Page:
Nothing to Get Excited About

The British were at first reluctant to start negotiating again. But just as they were on the point of agreeing with the Americans to accept the half loaf offered by Mossadegh, rather than risk losing the whole Iranian loaf to the Soviet, he saw the Western representatives again, and this time he reverted to his familiar mood of tearful unreason, refusing seriously to discuss a settlement.

What happened was obvious. While the Qavam episode caused the star of the Shah to wane almost to vanishing point, it also caused the star of the small, sharp-eyed, ruthless Mullah Kashani to rise higher than ever. Kashani’s murderous band of Moslem fanatics, in open alliance for the first time with the Communists, were chiefly responsible for the fall of Qavam.

Tough and Ambitious

Kashani is a tough and almost insanely ambitious man. If there is no settlement with Britain, Iran will soon be engulfed in total chaos. Then, with the help of the Communists, Kashani can take power, either in person or through a stooge. With this prospect before him, Kashani has nothing to gain and everything to lose from a settlement. Thus Mossadegh’s sudden reversal is reliably interpreted as a response to the most violent pressure from Kashani and his powerful allies in the National Front.

The coming to power of Kashani could only be a Kerensky-like prelude to a full Communist seizure of power. [Tudeh Party] Mossadegh is no Communist, and this can hardly be a pleasing possibility to him. It is possible that Mossadegh’s sudden reversal is only a device for buying time, so that he can gain full control of the security forces in order to be in a position to defy Kashani and negotiate a settlement.

Obviously, this is a moment of knife-edge decision for the whole Middle East. Iran is the key to the Middle East, and if a rational settlement can at last be negotiated with Mossadegh, the situation in Iran and elsewhere in the Middle East can no doubt somehow be kept glued together.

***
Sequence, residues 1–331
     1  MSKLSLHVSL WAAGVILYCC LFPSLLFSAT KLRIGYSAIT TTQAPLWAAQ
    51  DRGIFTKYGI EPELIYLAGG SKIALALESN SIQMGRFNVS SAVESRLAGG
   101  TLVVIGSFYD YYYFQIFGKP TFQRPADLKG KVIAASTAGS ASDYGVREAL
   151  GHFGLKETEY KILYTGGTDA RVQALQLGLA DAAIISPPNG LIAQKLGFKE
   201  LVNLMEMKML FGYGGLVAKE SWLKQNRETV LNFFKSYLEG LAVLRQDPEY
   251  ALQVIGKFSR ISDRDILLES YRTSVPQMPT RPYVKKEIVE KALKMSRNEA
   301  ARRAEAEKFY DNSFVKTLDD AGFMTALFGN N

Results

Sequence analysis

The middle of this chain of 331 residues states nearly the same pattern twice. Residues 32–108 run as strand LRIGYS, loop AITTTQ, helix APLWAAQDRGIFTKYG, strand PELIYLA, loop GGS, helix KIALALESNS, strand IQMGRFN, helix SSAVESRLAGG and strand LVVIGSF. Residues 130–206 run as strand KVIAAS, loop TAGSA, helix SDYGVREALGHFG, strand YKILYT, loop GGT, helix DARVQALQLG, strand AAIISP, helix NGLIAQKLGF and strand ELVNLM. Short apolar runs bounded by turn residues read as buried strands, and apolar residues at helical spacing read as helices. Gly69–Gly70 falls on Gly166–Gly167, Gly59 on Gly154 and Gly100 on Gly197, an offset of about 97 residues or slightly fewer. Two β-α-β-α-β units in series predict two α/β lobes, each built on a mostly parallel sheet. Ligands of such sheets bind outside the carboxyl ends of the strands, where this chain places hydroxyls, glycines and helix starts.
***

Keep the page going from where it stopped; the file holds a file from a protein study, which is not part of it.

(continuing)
Otherwise, this country may be faced with the choice of allowing Iran to go the way of China, or intervening forcefully to support any anti-communist forces in Iran, however reactionary and blindly nationalist. It is believed in Washington that a communist take-over in Iran must be averted at whatever cost, even the cost of a break with Britain on Middle Eastern policies. This in itself is a measure of the danger to the western alliance of the crisis now reaching the boiling point in Iran.

Alternate titles:

World Situation Tense
THE UNWATCHED POT
The Unwatched Pot Is Boiling
Iran Faces New Crisis With Reds Tall in the Saddle
Commie-Backed Fanatic Mullah Kashani Moves Nearer Complete Power in Iran



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Related links:

The Explosive Power of Iran — Alsop Brothers, March 5, 1953

Another ‘Oil Mystery’ | The Detroit Free Press, August 27, 1952

Persian Crisis Easier? | The Kalgoorlie Miner, June 7, 1951



MOSSADEGH t-shirts — “If I sit silently, I have sinned”